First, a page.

We are now ready to look at the Old Testament Church. Well not exactly… We are going to look at how the word ekklesia (ἐκκλησία) was used in the Old Testament in hopes of understanding what it means in the New.
(As an aside I should point out that this is the first week I am using a new plugin which divides the post into pages or allows viewing as a single page. You can choose “next,” or “single page,” at the bottom of this page. Please let me know if it causes any problems.)
Last week we began our series on what is Church by looking at the English dictionary, and the Greek word ekklesia which the New Testament authors used, and is almost always translated as church.
We saw that the English word has little relation to the meaning of the word used in the New Testament. In fact “church” in English is derived from the transliteration of two Greek words meaning “a lord’s building!”
The Old Testament Church/Ekklesia
It is well known that most of the Old Testament was written in Hebrew. It seems less well known that King Jesus and His ambassadors usually quoted from the Greek translation of those scriptures known as the Septuagint. (I am planning a separate post on this subject for the future.) Since the Old Testament informed the New Testament authors understanding of the words they used, it is important to look at how the Septuagint treats the Hebrew text. In this case we find that ekklesia is one of two words used to translate the Hebrew word “qahal”(קהל) which has as its core meaning the idea of a gathering of people.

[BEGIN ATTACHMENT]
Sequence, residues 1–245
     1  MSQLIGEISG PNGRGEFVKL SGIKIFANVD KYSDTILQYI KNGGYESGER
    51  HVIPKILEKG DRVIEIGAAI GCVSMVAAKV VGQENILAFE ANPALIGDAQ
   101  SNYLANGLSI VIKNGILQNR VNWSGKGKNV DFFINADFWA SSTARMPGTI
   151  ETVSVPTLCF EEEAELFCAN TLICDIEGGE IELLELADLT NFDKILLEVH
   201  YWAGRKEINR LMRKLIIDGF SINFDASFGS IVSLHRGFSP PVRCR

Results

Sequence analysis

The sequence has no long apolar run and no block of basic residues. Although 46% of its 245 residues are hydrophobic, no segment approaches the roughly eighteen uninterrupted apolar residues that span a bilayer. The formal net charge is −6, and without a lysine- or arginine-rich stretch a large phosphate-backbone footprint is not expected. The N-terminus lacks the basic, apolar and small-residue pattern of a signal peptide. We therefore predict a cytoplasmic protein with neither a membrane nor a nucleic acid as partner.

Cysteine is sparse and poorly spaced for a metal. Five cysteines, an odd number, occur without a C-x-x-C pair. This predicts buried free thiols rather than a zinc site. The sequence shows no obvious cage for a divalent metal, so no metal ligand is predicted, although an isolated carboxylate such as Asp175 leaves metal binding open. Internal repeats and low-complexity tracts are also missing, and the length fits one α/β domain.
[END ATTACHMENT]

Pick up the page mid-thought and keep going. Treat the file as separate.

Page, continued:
At this point, in the interest of full disclose, I need to point out that I am not pretending to understand Hebrew. I consider myself fairly competent in New Testament Greek, but must depend on others when it comes to Hebrew.
Back in 1931 an Anglican Priest by the name of Edwyn Hoskyns, along with Francis Davey wrote a fascinating little book called “The Riddle of the New Testament.” In it they give a wonderfully comprehensive word study of ekklesia; It is unfortunately out of print now, but I was able to find a paperback edition from 1963 which is quoted here. After citing much the same information that we have already covered, they cite a number of passages in which they demonstrate that the Greek denotation of ekklesia is clearly not sufficient to explain its usage in the New Testament. They then go on to detail the use of ekklesia in the Septuagint. Given the thoroughness of their analysis, and its applicability to our subject, it seems an extended quote is in order: